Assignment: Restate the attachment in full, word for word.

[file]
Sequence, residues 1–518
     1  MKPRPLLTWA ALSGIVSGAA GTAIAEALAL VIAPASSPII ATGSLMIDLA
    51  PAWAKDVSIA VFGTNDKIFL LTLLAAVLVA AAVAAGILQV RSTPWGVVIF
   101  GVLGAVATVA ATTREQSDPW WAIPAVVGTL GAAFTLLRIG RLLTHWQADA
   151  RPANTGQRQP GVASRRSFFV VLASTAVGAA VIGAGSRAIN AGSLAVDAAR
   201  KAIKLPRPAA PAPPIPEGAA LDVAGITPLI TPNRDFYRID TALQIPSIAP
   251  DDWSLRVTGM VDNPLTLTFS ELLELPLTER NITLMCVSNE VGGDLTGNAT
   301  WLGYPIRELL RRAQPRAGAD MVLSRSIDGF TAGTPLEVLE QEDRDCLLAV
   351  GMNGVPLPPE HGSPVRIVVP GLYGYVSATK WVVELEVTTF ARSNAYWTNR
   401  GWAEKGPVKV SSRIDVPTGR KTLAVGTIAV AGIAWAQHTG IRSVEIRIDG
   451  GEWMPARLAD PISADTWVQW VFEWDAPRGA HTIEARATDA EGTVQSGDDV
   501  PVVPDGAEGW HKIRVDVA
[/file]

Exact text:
Sequence, residues 1–518
     1  MKPRPLLTWA ALSGIVSGAA GTAIAEALAL VIAPASSPII ATGSLMIDLA
    51  PAWAKDVSIA VFGTNDKIFL LTLLAAVLVA AAVAAGILQV RSTPWGVVIF
   101  GVLGAVATVA ATTREQSDPW WAIPAVVGTL GAAFTLLRIG RLLTHWQADA
   151  RPANTGQRQP GVASRRSFFV VLASTAVGAA VIGAGSRAIN AGSLAVDAAR
   201  KAIKLPRPAA PAPPIPEGAA LDVAGITPLI TPNRDFYRID TALQIPSIAP
   251  DDWSLRVTGM VDNPLTLTFS ELLELPLTER NITLMCVSNE VGGDLTGNAT
   301  WLGYPIRELL RRAQPRAGAD MVLSRSIDGF TAGTPLEVLE QEDRDCLLAV
   351  GMNGVPLPPE HGSPVRIVVP GLYGYVSATK WVVELEVTTF ARSNAYWTNR
   401  GWAEKGPVKV SSRIDVPTGR KTLAVGTIAV AGIAWAQHTG IRSVEIRIDG
   451  GEWMPARLAD PISADTWVQW VFEWDAPRGA HTIEARATDA EGTVQSGDDV
   501  PVVPDGAEGW HKIRVDVA